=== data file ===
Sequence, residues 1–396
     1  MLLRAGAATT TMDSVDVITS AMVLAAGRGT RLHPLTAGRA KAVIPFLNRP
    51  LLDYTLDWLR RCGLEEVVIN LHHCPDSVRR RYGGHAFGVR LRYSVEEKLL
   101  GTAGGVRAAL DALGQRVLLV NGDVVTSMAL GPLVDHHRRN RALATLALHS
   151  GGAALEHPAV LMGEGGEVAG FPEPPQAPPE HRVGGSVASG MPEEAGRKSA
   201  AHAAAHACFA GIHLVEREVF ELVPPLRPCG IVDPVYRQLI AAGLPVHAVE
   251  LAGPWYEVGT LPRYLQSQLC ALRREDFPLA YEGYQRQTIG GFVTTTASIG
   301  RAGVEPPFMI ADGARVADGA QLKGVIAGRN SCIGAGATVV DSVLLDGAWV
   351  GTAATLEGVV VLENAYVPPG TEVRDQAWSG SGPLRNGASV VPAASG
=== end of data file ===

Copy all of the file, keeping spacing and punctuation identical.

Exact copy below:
Sequence, residues 1–396
     1  MLLRAGAATT TMDSVDVITS AMVLAAGRGT RLHPLTAGRA KAVIPFLNRP
    51  LLDYTLDWLR RCGLEEVVIN LHHCPDSVRR RYGGHAFGVR LRYSVEEKLL
   101  GTAGGVRAAL DALGQRVLLV NGDVVTSMAL GPLVDHHRRN RALATLALHS
   151  GGAALEHPAV LMGEGGEVAG FPEPPQAPPE HRVGGSVASG MPEEAGRKSA
   201  AHAAAHACFA GIHLVEREVF ELVPPLRPCG IVDPVYRQLI AAGLPVHAVE
   251  LAGPWYEVGT LPRYLQSQLC ALRREDFPLA YEGYQRQTIG GFVTTTASIG
   301  RAGVEPPFMI ADGARVADGA QLKGVIAGRN SCIGAGATVV DSVLLDGAWV
   351  GTAATLEGVV VLENAYVPPG TEVRDQAWSG SGPLRNGASV VPAASG